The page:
No, that mountain isn’t your enemy…you are.

“It is not the mountain (of debt) we conquer, but ourselves.” Sir Edmund Hilary, with additions by me.

Sir Edmund Hilary, yeah, the guy who was the first man (along with a pretty hard working Sherpa) credited with summiting the tallest mountain on Earth, Mt. Everest. I don’t know why this quote caught my eye. It may have been because of who it came from. Mr. Hilary knows mountains, so any quote of his with the word ‘mountain’ in it, gets my attention. If Henry Ford is talking cars, you’re gonna listen. Yes, Steve Jobs, I want to listen to what you have to say about computers. These are experts in their industry; their words hold weight. I may have also noticed the quote because when I saw it, it had been tweeted by one of my heroes, Dave Ramsey.

Now Dave did not add the two small words in the quotation marks. However, it is possible that because Dave is the guru of debt reduction, the idea of a mountain of debt popped into my head. It also could be the fact that, depending on the day, our mountain of debt feels incredibly debilitating. It takes my breath away. It is terrifying. I look at the summit and I see nothing but impossible. In this case though, the mountain isn’t my enemy. I am.

I know that we are making progress each month. Each month we don’t add debt, we win. Every month we pay a little more on our loans, we win. Each step up the mountain, is a win. The loans do not tell me that I won’t make it. I do. The loans don’t tell me that it is going to take forever. I do. The loans don’t tell me quit. I do.

In the matters of our budget, the budget is not the naysayer. It is just paper with numbers on it. Do not let your circumstances get you down. Progress can be marred by misappropriation of blame. When I realize that my thoughts are our biggest enemy, winning each thought becomes my battle. I can conquer those battles. I can win and will win.

When times get tough, remember what Mr. Hilary said, ourselves (and our thoughts) are what we need to conquer.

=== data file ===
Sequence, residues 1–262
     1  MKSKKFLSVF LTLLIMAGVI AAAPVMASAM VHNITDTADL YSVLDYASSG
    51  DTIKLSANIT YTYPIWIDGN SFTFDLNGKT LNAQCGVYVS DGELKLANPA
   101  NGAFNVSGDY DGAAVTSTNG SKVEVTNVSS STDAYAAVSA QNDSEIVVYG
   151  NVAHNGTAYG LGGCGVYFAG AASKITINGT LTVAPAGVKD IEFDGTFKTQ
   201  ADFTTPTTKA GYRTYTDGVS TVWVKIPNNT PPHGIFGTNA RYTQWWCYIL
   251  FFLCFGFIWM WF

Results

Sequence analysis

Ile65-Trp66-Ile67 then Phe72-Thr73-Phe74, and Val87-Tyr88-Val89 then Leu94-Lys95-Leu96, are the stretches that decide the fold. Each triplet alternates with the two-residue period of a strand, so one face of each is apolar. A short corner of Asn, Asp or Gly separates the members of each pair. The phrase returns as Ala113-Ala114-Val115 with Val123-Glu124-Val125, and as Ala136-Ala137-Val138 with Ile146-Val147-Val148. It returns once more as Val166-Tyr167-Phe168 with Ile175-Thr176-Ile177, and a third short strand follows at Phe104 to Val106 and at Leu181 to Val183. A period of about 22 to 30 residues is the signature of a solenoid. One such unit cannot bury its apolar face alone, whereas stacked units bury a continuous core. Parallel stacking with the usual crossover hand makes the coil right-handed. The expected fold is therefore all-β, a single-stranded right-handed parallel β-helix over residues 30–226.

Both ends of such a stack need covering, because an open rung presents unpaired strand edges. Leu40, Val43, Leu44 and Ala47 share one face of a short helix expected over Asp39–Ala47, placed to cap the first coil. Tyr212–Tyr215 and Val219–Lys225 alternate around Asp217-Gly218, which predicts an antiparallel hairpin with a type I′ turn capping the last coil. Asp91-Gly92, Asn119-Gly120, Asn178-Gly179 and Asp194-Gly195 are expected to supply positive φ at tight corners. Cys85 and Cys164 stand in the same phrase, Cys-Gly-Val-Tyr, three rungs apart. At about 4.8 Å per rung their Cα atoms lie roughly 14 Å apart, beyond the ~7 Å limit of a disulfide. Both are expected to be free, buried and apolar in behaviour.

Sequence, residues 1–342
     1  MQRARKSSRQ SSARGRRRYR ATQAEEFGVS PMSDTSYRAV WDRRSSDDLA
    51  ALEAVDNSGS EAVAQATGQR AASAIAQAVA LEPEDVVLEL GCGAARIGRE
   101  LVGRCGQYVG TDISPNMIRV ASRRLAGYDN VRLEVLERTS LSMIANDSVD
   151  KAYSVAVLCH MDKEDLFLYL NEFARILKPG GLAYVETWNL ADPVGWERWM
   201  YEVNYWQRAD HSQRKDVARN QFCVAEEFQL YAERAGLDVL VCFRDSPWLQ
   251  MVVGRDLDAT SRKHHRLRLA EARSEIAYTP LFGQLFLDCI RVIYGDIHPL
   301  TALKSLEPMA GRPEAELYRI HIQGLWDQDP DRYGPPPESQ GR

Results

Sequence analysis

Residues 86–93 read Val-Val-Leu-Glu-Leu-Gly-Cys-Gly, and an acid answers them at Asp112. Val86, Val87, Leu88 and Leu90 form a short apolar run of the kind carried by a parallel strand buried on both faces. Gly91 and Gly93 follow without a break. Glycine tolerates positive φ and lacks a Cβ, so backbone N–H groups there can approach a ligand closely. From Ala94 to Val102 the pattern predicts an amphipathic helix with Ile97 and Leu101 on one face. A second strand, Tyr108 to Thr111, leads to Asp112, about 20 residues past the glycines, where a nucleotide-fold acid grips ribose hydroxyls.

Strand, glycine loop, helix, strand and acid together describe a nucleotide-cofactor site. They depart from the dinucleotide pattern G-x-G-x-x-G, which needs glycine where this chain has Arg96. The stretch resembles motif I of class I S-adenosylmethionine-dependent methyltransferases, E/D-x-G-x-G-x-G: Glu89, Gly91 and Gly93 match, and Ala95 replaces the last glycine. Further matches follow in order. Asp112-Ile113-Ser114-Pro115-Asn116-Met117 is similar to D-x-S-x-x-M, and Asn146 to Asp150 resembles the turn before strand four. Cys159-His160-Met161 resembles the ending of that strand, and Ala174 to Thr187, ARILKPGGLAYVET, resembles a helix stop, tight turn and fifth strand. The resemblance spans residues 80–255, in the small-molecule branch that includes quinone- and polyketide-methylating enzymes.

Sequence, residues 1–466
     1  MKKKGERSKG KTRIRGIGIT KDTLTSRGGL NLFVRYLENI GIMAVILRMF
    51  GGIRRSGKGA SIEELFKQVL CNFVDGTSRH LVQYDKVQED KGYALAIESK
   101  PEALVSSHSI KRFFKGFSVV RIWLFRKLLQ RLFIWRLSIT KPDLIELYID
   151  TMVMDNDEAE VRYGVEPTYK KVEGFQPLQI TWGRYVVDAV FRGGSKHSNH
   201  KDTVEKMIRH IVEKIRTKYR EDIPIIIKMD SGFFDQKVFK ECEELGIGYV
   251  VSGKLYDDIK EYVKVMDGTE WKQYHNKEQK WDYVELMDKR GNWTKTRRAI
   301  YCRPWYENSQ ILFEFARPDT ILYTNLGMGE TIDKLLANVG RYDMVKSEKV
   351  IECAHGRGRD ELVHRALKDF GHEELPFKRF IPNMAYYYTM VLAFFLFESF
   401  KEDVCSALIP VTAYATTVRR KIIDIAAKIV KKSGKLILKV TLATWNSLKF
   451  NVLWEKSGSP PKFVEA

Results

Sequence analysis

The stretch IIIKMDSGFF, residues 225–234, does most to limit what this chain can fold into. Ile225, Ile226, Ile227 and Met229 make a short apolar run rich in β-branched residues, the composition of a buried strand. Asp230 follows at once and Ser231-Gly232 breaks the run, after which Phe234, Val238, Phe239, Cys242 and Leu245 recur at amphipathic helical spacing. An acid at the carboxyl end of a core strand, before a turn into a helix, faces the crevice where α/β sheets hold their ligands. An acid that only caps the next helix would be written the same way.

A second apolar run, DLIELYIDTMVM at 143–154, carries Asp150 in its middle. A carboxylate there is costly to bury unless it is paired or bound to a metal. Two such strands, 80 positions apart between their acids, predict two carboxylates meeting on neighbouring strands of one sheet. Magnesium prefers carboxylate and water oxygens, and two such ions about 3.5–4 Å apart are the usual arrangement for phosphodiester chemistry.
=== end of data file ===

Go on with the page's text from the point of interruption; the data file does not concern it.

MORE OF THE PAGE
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The Best Kind of Car

Not long ago I was sitting in a drive thru waiting for my order to be filled. The guy that was helping me couldn’t help but notice the car that I was driving. “That’s a mighty car you got there. Crown Vic?” (referring to a Ford Crown Victoria). My reply was, “Actually, its a Mercury Grand Marquis. You should see the looks I get when I get out of this baby at the cardiologist office.”

It’s true. I drive a car that most grandmothers or grandfathers would be proud of. In fact, my nephew asked me the other day if my car was from the olden days. I tried to get him to specify what he meant by asking, “Do you mean, is my car usually one driven by an older person?” Instead of being embarrassed by my car, I have embraced it for one rather huge reason…ITS PAID FOR! I don’t have any car payments. In fact, we own both of our cars outright. No monthly payments.

This hasn’t always been the case. We bought our first car as a married couple with a car loan. At the time, we felt like we were making a smart purchase. We were able to buy the car well below market value. However, it did tie us to a monthly payment for five years. On this side of things, I can easily imagine all of the things I could have done with that monthly payment and the money that we spent on interest.

As our cars age, it is our goal to begin paying ourselves a car payment each month. Instead of paying interest to a bank, we plan to pay cash for our next car. There is so much more bargaining power when you walk in with cash. Also, you are not adding any monthly stress to your budget.

Next time you take your paid for car into the shop, two months in a row, for repairs, thank God that you don’t have to make that payment every month. If it begins to become a regular occurrence, have a plan, save, and pray that the Lord brings you the best car for you and your family.

TLB

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New Year Essentials Review: Writing a Will

1 game left. The season comes down to this! Wives, after this coming Sunday, your husbands will have no excuses for wasting a whole Sunday on the couch. After the Big Game, you will finally have a, somewhat, willing participant in the ‘Honey Do’ list you have been compiling for the last 20 weeks or so. We are still in the first month of a new year, so you can take the opportunity of a few wide open Sunday afternoons and review the financial framework of your household. The New Year is a great time to reevaluate and assess your estate plan and finance goals for the year. New calendar = New opportunities!

In this series, we will touch on estate planning, budgeting and more. You will notice some articles will be re-posts from previous dates on my blog, but I will be adding a few, new little tid bits along the way.

This week’s New Year Essentials emphasis is about creating/maintaining a will. A will can be a solemn thing to think about, it isn’t exciting and not many people like to talk about them, but, boy, are they essential! Click below and read about why I feel having a will is one of the best ways to tell your family that you loved them, even after you are gone.

Check out my advice and suggestions for having a will here!